Louis Vauxcelles

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Louis Vauxcelles, 1909 (Jules Chéret)

Louis Vauxcelles (1 January 1870, Paris – 1943, Paris) was an influential French art critic. He is credited with coining the terms Fauvism (1905), and Cubism (1908).

Fauvism[edit]

Vauxcelles coined the phrase 'les fauves' (translated as 'wild beasts') to describe a circle of painters associated with Matisse. As their paintings were exposed in the same room as a classical sculpture at a 1905 Salon d'Automne exhibit, he stated his criticism and disapproval of their works by describing the sculpture as "a Donatello amongst wild beasts" ("Donatello parmi les fauves").

Henri Matisse's Blue Nude (Souvenir de Biskra) appeared at the 1907 Indépendants, entitled Tableau no. III. Vauxcelles writes on the topic of Nu bleu:

I admit to not understanding. An ugly nude woman is stretched out upon grass of an opaque blue under the palm trees... This is an artistic effect tending toward the abstract that escapes me completely. (Vauxcelles, Gil Blas, 20 March 1907)[1]

Vauxcelles described the group of 'Fauves':

A movement I consider dangerous (despite the great sympathy I have for its perpetrators) is taking shape among a small clan of youngsters. A chapel has been established, two haughty priests officiating. MM Derain and Matisse; a few dozen innocent catechumens have received their baptism. Their dogma amounts to a wavering schematicism that proscribes modeling and volumes in the name of I-don't-know-what pictorial abstraction. This new religion hardly appeals to me. I don't believe in this Renaissance... M. Matisse, fauve-in-chief; M. Derain, fauve deputy; MM. Othon Friesz and Dufy, fauves in attendance... and M. Delaunay (a fourteen-year-old-pupil of M. Metzinger...), infantile fauvelet. (Vauxcelles, Gil Blas, 20 March 1907).[1]

Cubism[edit]

In 1906 Jean Metzinger formed a close friendship with Robert Delaunay, with whom he would share an exhibition at Berthe Weill's gallery early in 1907. The two of them were singled out by Vauxcelles in 1907 as Divisionists who used large, mosaic-like 'cubes' to construct small but highly symbolic compositions.[2][3][4]

In 1908, Vauxcelles again, in his review of Georges Braque's exhibition at Kanhweiler's gallery called Braque a daring man who despises form, "reducing everything, places and a figures and houses, to geometric schemas, to cubes.[5]

Vauxcelles recounts how Matisse told him at the time, "Braque has just sent in [to the 1908 Salon d'Automne] a painting made of little cubes".[5] The critic Charles Morice relayed Matisse's words and spoke of Braque's little cubes. The motif of the viaduct at l'Estaque had inspired Braque to produce three paintings marked by the simplification of form and deconstruction of perspective.[6]

On 25 May 1909, Vauxcelles qualifies the works of Braque exhibited at the Salon des Indépendants as «bizarreries cubiques».

Vauxcelles, this time in his review of the 26th Salon des Indépendants (1910), made a passing and imprecise reference to Henri Le Fauconnier, Jean Metzinger, Albert Gleizes, Robert Delaunay and Fernand Léger, as "ignorant geometers, reducing the human body, the site, to pallid cubes."[7]

"In neither case" notes Daniel Robbins, "did the use of the word "cube" lead to the immediate identification of the artists with a new pictorial attitude, with a movement. The word was no more than an isolated descriptive epithet that, in both cases, was prompted by a visible passion for structure so assertive that the critics were wrenched, momentarily, from their habitual concentration on motifs and subjects, in which context their comments on drawing, color, tonality, and, only occasionally, conception, resided." (Robbins, 1985)[7]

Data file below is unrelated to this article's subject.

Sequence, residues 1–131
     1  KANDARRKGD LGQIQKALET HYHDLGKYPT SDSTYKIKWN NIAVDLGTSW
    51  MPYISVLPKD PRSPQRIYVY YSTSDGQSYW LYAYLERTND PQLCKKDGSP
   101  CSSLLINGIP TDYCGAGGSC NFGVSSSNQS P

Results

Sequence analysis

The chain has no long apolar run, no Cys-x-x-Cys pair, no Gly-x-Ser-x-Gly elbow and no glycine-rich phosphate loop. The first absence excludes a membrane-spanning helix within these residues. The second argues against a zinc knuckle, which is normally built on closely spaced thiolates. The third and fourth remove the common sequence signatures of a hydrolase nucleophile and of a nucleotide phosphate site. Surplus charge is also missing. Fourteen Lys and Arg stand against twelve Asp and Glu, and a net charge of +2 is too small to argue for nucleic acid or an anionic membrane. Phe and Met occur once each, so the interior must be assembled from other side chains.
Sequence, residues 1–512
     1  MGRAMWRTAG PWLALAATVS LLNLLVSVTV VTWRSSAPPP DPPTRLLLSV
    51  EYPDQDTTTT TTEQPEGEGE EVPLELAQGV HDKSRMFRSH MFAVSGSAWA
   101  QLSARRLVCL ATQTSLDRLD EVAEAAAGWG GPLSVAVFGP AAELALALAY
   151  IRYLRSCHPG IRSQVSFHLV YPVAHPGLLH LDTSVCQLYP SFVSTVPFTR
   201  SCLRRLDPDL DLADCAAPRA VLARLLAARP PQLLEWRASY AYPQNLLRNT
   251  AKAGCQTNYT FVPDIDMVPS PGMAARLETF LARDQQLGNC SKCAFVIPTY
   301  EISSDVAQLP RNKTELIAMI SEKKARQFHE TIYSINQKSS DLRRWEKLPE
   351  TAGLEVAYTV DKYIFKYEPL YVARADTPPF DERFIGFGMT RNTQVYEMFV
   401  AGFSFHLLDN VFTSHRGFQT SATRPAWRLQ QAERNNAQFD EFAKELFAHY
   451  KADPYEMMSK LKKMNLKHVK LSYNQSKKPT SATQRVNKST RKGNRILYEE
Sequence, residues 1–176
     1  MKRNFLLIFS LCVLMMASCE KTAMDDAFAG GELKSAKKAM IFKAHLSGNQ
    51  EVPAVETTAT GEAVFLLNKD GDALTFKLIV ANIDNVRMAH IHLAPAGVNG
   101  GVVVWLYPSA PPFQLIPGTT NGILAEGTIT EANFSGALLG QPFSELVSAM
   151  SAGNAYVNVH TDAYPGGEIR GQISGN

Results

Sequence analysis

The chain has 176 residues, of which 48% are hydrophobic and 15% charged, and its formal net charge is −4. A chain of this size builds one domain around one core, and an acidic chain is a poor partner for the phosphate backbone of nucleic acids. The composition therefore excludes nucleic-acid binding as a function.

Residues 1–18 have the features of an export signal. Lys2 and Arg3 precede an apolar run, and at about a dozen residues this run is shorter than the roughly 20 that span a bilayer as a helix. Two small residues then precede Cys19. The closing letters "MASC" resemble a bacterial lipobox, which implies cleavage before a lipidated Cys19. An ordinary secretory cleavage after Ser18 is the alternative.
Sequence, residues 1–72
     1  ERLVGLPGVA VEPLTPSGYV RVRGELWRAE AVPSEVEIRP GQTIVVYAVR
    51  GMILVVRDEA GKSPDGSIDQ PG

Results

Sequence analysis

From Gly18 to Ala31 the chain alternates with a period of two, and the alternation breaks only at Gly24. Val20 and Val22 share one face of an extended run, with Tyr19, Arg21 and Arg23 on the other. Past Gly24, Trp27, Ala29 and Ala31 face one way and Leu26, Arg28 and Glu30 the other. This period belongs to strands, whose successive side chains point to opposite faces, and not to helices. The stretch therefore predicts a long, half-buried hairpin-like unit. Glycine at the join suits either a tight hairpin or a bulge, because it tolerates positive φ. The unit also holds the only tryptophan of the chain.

The term "Cubism" emerged for the first time at the inauguration of the 1911 Salon des Indépendants; imposed by journalists who wished to create sensational news.[8] The term was used derogatorily to describe the diverse geometric concerns reflected in the paintings of five artists in continual communication with one another: Metzinger, Gleizes, Delaunay, Le Fauconnier and Léger (but not Picasso or Braque, both absent from this massive exhibition).[3]

Vauxcelles acknowledged the importance of Cézanne to the Cubists in his article titled From Cézanne to Cubism (published in Eclair, 1920). For Vauxcelles the influence had a two-fold character, both 'architectural' and 'intellectual'. He stressed the statement made by Émile Bernard that Cézanne's optics were "not in the eye, but in his brain".[9]

In 1911 he coined the less well-known term Tubism in describing the style of Fernand Léger.[10]

Notes and references[edit]

  1. ^ a b Russell T. Clement, Les Fauves: A sourcebook, Greenwood Press, ISBN 0-313-28333-8, 1994
  2. ^ Robert L. Herbert, 1968, Neo-Impressionism, The Solomon R. Guggenheim Foundation, New York
  3. ^ a b Daniel Robbins, 1964, Albert Gleizes 1881 – 1953, A Retrospective Exhibition, Published by The Solomon R. Guggenheim Foundation, New York, in collaboration with Musée National d'Art Moderne, Paris, Museum am Ostwall, Dortmund
  4. ^ Art of the 20th Century
  5. ^ a b Alex Danchev, Georges Braques: A Life, Arcade Publishing, 15 nov. 2005
  6. ^ Futurism in Paris - The Avant-garde Explosion, Pompidou Center, Paris 2008
  7. ^ a b Daniel Robbins, Jean Metzinger: At the Center of Cubism, 1985, Jean Metzinger in Retrospect, The University of Iowa Museum of Art (J. Paul Getty Trust, University of Washington Press) p. 13
  8. ^ Albert Gleizes Souvenirs, le cubisme 1908-14, Cahiers Albert Gleizes 1 (Lyon, 1957), p. 14
  9. ^ Christopher Green, Cubism and its Enemies, Modern Movements and Reaction in French Art, 1916-28, Yale University Press, New Have and London, 1987, p. 192
  10. ^ Néret, 1993, p. 42